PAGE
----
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This 3D printer squirts out wet paper pulp – TechCrunch

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Like a kid shooting spitballs, designer Beer Holthuis has figured out that sopping wet paper is the best material for making mischief. His 3D printer, a primitive RepRap clone that literally squirts out huge lines of paper pulp, is designed to allow artists and designers to create more sustainable 3D objects.

According to 3DPrint.com, Holthuis was searching for material that wouldn’t create waste or increase plastic pollution. He settled on ground-up paper. By extruding the wet paper he is able to create a thick bead of pulp that he can then build up to create decorative objects.

“The design of the printed objects are using the possibilities and beauty of this technique,” said Holthuis. “The tactile experience, bold lines and print speed results in distinctive shapes. The objects are also durable: Printed paper is surprisingly strong.”

The interesting thing is that he uses natural binder to stick the layers together, ensuring that the entire system is recyclable. You could even feed paper into the machine and let it product the pulp automatically, thereby creating a self-feeding recycling system. Best of all, however, the objects look like something a super intelligent wasp colony would produce to trade with other cultures. Fascinating stuff.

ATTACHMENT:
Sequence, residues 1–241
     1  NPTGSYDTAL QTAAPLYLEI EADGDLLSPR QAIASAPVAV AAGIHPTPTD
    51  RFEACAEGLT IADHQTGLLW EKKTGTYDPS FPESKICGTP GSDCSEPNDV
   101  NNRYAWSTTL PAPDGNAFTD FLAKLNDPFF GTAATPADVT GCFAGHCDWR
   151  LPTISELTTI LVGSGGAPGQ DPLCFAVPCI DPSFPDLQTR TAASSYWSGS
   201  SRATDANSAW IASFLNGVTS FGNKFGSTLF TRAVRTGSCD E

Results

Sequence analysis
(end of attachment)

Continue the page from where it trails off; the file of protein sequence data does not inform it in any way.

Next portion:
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USAF taps Exosonic to develop supersonic combat training drone

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The US Air Force has awarded Exosonic a contract to develop a supersonic combat drone concept. The demonstrator vehicle will be used to demonstrate the technologies behind the quiet supersonic concept and to train pilots. The project will, among other things, help the USAF train its fighter pilots for potential future encounters with “near-peer adversaries.”

Low-boom supersonic technology is a hot topic at the moment, promising a rapid rate of travel without the loud booming noises typical of these aircraft. Exosonic will use its low-boom technologies to develop the demonstrater unmanned aerial vehicle for the USAF under a Direct to Phase II Small Business Innovation Research contract.

The company says this will be the USAF’s first purpose-built supersonic drone intended to help train pilots. Of note, the US Air Force is currently facing both a pilot shortage and training budget constraints, which has resulted in a lack of new fighter pilots that have been fully trained. The Exosonic UAV will be leveraged as a “mock adversary” for use during live flight training exercises for fighter pilots